May 30, 2016 | by City of Hope
During a month that celebrates both Mother’s Day and Nurses Week, David Fuentes, R.N., credits his mom for his career choice.
Guadalupe Perez worked as a nurse assistant but always aspired to be an R.N. “Due to her circumstances as a single mom and the troubles she found herself in later down the road, she was never able to fulfill her dreams,” Fuentes said. “So I guess you could say my aspirations and accomplishments are an ode to my mom.”
A front-page October 2013 article in the Los Angeles Times about Fuentes’s journey to becoming a nurse details his traumatic childhood, filled with abuse and his mother’s addiction, and how he became a caregiver to his siblings. He decided to go into nursing in his freshman or sophomore year of high school.
Besides fulfilling his mother’s dream, Fuentes found that as a nurse who spends his days taking care of others, he is able to leave his own troubles behind.
Fuentes graduated from nursing school at UCLA in 2013, landing his first job in the intensive care unit at UCLA Medical Center before switching to internal medicine, where he discovered a passion for working with oncology patients. He joined City of Hope in November 2015, where he currently works in the medical oncology unit.
“I feel I serve the most courageous, enduring and inspiring people when I step into City of Hope,” David said. “I strive to leave a positive impression in patient lives, no matter how big or small.”
In an unexpected twist, treating cancer patients has inspired Fuentes to pursue another passion — music. He picked up the guitar later in life, after high school, teaching himself so that he could play along to his favorite punk rock songs. “Music had always been an escape, my happy place,” he said. “No matter what was going on around me, I could put my earphones on and everything was suddenly all right. And music really helped me dream and move forward.”
He has found that music works in unison with his medical work.
“They are really very similar; they feed off each other,” he said. “People forget about the most important aspect of being a good and efficient health care provider, and that is passion. I'm a nurse because I have a passion for helping others, and that's something that can't be taught or learned.”
Fuentes also speaks of the “art” of nursing. “Just as I lose myself in composing, writing, singing and playing a song, I lose myself in tending to the needs of patients at the bedside. And the experiences I have with patients and their families influence and inspire my music and my drive as an aspiring recording artist,” he said.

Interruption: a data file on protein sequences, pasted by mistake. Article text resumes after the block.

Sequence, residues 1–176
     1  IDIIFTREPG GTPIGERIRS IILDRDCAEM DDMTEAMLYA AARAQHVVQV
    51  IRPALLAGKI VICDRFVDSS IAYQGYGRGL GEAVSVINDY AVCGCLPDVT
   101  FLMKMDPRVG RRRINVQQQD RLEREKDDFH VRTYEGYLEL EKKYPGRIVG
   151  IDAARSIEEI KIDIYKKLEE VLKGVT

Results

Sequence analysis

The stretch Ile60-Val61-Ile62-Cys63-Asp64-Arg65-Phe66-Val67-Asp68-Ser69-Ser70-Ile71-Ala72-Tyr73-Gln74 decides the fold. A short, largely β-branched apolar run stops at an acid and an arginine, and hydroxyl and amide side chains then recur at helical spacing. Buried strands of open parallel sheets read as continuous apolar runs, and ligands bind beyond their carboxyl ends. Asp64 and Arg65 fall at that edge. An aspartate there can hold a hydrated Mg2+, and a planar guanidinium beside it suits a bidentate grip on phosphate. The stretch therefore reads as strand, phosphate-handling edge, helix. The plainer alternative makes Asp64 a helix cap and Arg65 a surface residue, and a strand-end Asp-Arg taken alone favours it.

Fuentes added that he practices his music “24/7 outside of the hospital; no exaggeration, it literally has consumed me.” For the last year and a half he has dedicated himself to learning the ins and outs of audio recording, production and sound engineering. He describes his sound as “a fusion of all kinds of genres, from syncopated jazz sounds to blues and even R&B/soul to electronic pop, all enveloped by rock 'n roll.”
He recently took a 10-day leave from City of Hope to work on postproduction of his first LP, a mini album of six songs on which he plays all of the guitar, piano and bass and does the vocals, which he hopes to release in June.
Reflecting on how his career as an oncology nurse has influenced his work as a musician, Fuentes said: “It really puts into perspective how fragile and fleeting this life can be. No one ever imagines they'll be diagnosed with cancer and when it hits, it hits hard!”
He added, “It’s an overwhelming sense of fulfillment to do what I do and to have the honor of servicing City of Hope patients. In turn, their tireless fight inspires me to work unconditionally and tirelessly for them, and also for my own dreams and aspirations as a recording artist.”
Learn more about City of Hope's nursing program. If you are looking for a second opinion or consultation about your treatment, request an appointment online or contact us at 800-826-HOPE. Please visit Making Your First Appointment for more information.
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